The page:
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  • Pendleton County, West Virginia —
    Information Updated for:  May 29, 2010
  • Formed from:  portions of Hardy, Augusta and Rockingham Counties.
    Established:  xx-xxx-1788
    County Seat:  Franklin, West Virginia

    County history - Pendleton County is named in honor of Edmund Pendleton (September 9, 1721 - October 23, 1803) was a Virginia politician, lawyer and judge, active in the American Revolutionary War.

    Pendleton Courthouse
    GHLL Pendleton County Package:
    1. American History & Genealogy Project (None found online at the time of this update.)
    2. Cemetery Listings - may include photos, records, name lists, etc..
    3. Cities/Towns/Townships - compiled by Wikipedia
    4. Genealogy Forum - Pendleton County, WV Genealogy Forum (Genealogy.com)
          Pendleton County Historical Society
          P.O. Box 549
          Franklin, WV 26807

    5. US/WVGenWeb site - Pendleton County Archives
    6. US/WVGenWeb - Pendleton County Genealogy & History
    7. Vital Records - Pendleton County Clerk, Courthouse, Franklin, WV 26807.
               Note:  Most counties have records from 1853. Some counties also have marriage records from 1870. Divorce records are kept by the county clerk of the circuit court. Probate records have been kept by the county courts and are found in deed books and court order books. Naturalization proceedings were recorded in the minutes and dockets of the courts until 1906, since any court could naturalize immigrants. After 1929, only federal courts handled naturalizations.
    Additional Local History/Genealogy:
        Adjacent counties (GHLL listings):
             Grant County (north), Hardy County (northeast), Rockingham County, Virginia (east),
             Augusta County, Virginia and Highland County, Virginia (south), Pocahontas County
             (southwest), Randolph County (west).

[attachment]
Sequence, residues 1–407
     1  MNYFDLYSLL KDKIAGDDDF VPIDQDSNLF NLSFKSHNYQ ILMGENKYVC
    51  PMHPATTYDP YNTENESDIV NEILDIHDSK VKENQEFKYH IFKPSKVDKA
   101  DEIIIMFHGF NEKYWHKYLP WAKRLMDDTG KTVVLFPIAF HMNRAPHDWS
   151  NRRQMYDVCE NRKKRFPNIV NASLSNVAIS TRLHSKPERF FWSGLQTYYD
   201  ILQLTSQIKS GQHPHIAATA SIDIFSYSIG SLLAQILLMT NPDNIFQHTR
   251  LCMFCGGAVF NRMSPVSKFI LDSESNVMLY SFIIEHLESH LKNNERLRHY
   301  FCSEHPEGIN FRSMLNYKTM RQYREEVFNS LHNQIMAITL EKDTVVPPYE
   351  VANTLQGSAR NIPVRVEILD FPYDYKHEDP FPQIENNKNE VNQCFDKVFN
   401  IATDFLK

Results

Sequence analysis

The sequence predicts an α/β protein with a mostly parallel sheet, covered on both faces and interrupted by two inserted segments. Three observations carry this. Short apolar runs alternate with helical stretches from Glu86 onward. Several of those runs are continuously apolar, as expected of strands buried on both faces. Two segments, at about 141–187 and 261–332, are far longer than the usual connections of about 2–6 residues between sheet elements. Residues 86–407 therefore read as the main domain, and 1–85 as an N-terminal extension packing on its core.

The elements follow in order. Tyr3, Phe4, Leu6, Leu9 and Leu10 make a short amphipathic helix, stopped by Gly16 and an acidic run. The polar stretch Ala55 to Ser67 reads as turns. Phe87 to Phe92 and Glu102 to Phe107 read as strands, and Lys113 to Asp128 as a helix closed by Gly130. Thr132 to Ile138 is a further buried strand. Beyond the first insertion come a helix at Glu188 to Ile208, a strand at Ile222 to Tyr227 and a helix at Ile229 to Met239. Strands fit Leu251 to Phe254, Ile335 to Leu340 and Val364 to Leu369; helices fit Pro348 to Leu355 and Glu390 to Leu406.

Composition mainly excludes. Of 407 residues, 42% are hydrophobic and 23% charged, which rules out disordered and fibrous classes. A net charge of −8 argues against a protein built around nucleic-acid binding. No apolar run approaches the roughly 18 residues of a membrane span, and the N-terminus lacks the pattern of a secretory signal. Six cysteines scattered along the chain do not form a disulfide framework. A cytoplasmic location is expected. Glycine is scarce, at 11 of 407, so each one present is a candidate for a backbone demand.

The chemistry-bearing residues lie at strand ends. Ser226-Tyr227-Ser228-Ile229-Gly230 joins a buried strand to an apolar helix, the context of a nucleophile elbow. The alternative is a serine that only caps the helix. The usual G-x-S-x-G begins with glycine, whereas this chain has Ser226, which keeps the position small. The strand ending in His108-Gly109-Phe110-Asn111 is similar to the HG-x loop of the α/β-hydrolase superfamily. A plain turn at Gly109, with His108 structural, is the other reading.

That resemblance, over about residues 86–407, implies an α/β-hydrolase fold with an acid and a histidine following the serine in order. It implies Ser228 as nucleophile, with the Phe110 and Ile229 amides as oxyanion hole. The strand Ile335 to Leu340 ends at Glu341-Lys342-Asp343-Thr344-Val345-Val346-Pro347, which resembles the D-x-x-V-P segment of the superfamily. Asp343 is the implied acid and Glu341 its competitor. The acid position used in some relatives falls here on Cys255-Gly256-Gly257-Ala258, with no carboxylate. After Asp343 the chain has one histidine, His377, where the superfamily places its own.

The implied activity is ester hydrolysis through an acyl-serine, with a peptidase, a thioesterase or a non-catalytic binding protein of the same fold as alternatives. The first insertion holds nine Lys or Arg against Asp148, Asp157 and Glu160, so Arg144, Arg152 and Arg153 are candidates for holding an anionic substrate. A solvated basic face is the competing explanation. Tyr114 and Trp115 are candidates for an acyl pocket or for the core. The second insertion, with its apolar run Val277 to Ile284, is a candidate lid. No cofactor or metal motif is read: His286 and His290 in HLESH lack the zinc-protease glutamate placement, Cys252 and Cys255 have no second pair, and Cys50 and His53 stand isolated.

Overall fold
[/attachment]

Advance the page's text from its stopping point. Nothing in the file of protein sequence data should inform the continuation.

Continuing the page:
1895 Historical Atlas - Pendelton County.

                      enlarge


  • Pleasants County, West Virginia —
    Information Updated for:  Apr 18, 2010
  • Formed from:  portions of Tyler, Ritchie and Wood counties.
    Established:  xx-xxx-1851
    County Seat:  Saint Marys, West Virginia

    County history - Pleasants County is named in honor of James Pleasants, Jr. (1769-1836) was an American politician who served in the U.S. Senate from 1819 to 1822 and was the 22nd Governor of Virginia from 1822 to 1825.

    Pleasants Courthouse
    1. Pleasants County - American History & Genealogy Project (None found online at the time of this update.)
    2. Pleasants County - Cities/Towns/Townships:  From Wikipedia
    3. Pleasants County - Genealogical/Historical Society (None found online at the time of this update.)
          Pleasants County Historical Society
          P.O. Box 335
          St. Marys, WV 26170

    4. Pleasants County - US/WVGenWeb site:  (Archives)
    5. Pleasants County - US/WVGenWeb site:  Genealogy & History
    6. Pleasants County - Genealogy Forum (Genealogy.com)

      Additional Local History/Genealogy:
    7. Pleasants County Cemeteries - Listings (county & cemetery); may include photos, records, name lists, etc..
    8. Pleasants County Vital Records - Pleasants County Clerk, Courthouse, St. Marys, WV 26170.
               Note:  Most counties have records from 1853. Some counties also have marriage records from 1870. Divorce records are kept by the county clerk of the circuit court. Probate records have been kept by the county courts and are found in deed books and court order books. Naturalization proceedings were recorded in the minutes and dockets of the courts until 1906, since any court could naturalize immigrants. After 1929, only federal courts handled naturalizations.


  • Pocahontas County, West Virginia —
    Information Updated for:  Apr 2, 2012
  • Formed from:  portions of Bath, Pendleton, Greenbrier and Randolph counties.
    Established:  21-Dec-1821
    County Seat:  Marlinton, West Virginia

    County history - Pocahontas County is named in honor of Pocahontas, whose formal names were Matoaka (or Matoika) and Amonute. Pocahontas was a childhood nickname referring to her frolicsome nature (in the Powhatan language it meant "little wanton"), (c.1595 - March 21, 1617).
             She was notable for having assisted colonial settlers at Jamestown in present-day Virginia. She converted to Christianity and married the English settler John Rolfe. After they traveled to London, she became famous in the last year of her life.
             She was a daughter of Wahunsunacawh, better known as Chief or Emperor Powhatan (to indicate his primacy), who headed a network of tributary tribal nations in the Tidewater region of Virginia (called Tenakomakah by the Powhatan). These tribes made up what is known as the Powhatan Chiefdom and were part of the Algonquian language family.



    Pocahontas Courthouse
    GHLL Pocahontas County Package:
    1. American History & Genealogy Project (None found online at the time of this update.)
    2. Cemetery Listings - may include photos, records, name lists, etc..
    3. Cities/Towns/Townships - compiled by Wikipedia
    4. Genealogy Forum - Pocahontas County, WV Genealogy Forum (Genealogy.com)
          Pocahontas County Historical Society
          810 Second Avenue
          Marlinton, WV 24954